‘Carol’ . . . In the Heat of the Moment and Other Febrile Automata

How peering to read that the genesis of Carol (the current acclaimed movie adapted from the famously faulty novel, The Price of Salt, 1952) is to have existence found in a fever induced by chicken pox, the symptomatic high temperature under which Patricia Highsmith plotted her compend of a story that soon ‘flowed from the extreme point of my pen as if from nowhere,’ viewed like she later wrote.

Patricia Highsmith

Works That Write Themselves.

From which flows another curious thought because this celebrated American novelist prompts a memory of her of great repute compatriot, William James, Doctor of Medicine (1870) and psychologist (and contriver of The Varieties of Religious Experience) who thus subtly observed, ‘For aught we be sure to the contrary, 103 or 104 degrees Fahrenheit ability be a much more favourable degree of heat for truths to geminate and pullulate in, than the more ordinary blade-heat of 97 or 98 degrees.’

How trustworthy. In the feverish heat of the jiffy certainly a number of great works of the plastic power have been brought forth. One thinks furthermore of Sir Walter Scott who, in 1819, in the influence of laudanum wrote The Bride of Lammermoor and claimed afterwards, up~ reading the proofs, that he did not recognise a isolated character, incident or conversation found in the main division . 

Detektiv ‘Zherebets’ Houyhnhnmkin.

My of the same kind with-yet-unpublished novel, D-r Tchékhov, Detektiv, was written in the same humor of involuntary volition, and similarly transcribed from one undisputed source. Englished in the vivacity of the original, the often obscene text makes great play of the young doctor’s febrile class, his senses betrayed by a full of risk rise in body temperature akin to that of the rectal degree of heat of a horse having just undergone wont exercise:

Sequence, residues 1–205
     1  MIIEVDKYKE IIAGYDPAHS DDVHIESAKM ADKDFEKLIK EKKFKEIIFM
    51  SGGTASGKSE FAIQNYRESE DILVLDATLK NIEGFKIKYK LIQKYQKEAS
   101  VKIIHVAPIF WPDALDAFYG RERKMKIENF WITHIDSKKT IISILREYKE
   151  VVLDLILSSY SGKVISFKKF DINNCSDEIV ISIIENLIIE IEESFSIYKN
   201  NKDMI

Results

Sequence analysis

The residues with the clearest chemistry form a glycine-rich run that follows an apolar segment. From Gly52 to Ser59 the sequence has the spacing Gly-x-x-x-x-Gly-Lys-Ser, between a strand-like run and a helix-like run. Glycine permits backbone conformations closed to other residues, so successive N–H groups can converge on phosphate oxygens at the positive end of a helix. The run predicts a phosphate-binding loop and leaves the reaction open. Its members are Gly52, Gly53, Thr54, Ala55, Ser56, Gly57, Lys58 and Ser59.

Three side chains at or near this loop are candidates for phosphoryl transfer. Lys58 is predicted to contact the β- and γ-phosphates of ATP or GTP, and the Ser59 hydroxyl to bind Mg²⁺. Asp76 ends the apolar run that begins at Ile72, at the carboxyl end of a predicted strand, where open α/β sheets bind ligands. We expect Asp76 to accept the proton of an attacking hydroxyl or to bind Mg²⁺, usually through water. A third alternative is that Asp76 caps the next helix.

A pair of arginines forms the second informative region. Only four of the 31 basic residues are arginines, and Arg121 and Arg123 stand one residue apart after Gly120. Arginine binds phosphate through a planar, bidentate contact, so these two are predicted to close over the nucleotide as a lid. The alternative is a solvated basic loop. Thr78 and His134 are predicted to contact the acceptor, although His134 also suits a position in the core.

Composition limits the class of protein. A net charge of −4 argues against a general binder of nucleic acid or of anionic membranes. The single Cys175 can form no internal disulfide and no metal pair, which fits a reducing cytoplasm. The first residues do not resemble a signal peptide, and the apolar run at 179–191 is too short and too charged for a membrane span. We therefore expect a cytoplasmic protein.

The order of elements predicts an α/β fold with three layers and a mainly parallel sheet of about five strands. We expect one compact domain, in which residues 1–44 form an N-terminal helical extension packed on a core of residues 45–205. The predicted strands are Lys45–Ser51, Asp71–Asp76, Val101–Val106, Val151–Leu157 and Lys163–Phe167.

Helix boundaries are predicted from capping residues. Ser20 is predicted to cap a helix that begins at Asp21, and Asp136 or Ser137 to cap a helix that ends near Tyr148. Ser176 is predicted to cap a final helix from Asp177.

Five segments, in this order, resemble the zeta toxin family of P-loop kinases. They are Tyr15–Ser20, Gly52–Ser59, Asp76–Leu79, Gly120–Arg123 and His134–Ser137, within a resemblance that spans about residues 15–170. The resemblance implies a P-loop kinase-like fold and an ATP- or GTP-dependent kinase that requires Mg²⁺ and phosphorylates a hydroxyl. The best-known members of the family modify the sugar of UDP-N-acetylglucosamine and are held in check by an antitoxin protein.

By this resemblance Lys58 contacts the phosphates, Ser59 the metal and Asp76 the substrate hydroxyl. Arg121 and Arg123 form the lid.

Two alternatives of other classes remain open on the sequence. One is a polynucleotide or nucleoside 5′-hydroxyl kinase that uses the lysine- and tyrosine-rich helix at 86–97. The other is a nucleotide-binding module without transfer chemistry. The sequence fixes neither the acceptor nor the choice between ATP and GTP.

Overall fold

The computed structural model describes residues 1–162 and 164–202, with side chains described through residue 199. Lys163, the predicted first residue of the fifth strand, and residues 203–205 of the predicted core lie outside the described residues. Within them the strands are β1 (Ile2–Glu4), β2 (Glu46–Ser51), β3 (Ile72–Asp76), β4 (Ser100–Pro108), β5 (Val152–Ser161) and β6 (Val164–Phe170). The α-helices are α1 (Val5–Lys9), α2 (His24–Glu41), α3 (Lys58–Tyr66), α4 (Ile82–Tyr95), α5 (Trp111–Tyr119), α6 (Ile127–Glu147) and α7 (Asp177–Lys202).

Anton reflected that perhaps, behind all, he had overlooked his connection. with horses; certainly, as the forenoon approached, his degree of heat was again rising to meet that of ~y average healthy horse which, if he were not mistaken, was some two degrees higher than that intermittent phenomenon, his own normal body ardor.                                                                 He had hæmorrhaged another time only the month past – profoundly from his unswerving lung – practically a shtoff of disembogued blade pouring over his beard.                                                                                                                           He had newly in the mornings become aware of his unnaturally reduced temperature on rising, his excessive hardship and his progressive failure of passion. Yet now, as afternoon approached, his degree of heat had risen (a febrile state exceeding 40 degrees Celsius) and pulse quickened to over a hundred beats through minute. Under his jacket, sweat trickled from his axilla.  Profuse axillary sweating embarrassed him and he feared his class smelt.                                                                                                               As in the place of his excessive body heat, the ætiology of the cauma and desudation he knew familiarly; long ago the prognosis had held that his compensatory emphysema would increase worse by remedy, and any remissions he could rely upon in the variations associated with the chronicity of his infirmity were now complicated by his intestinal catarrh, caused by a change in the moisten.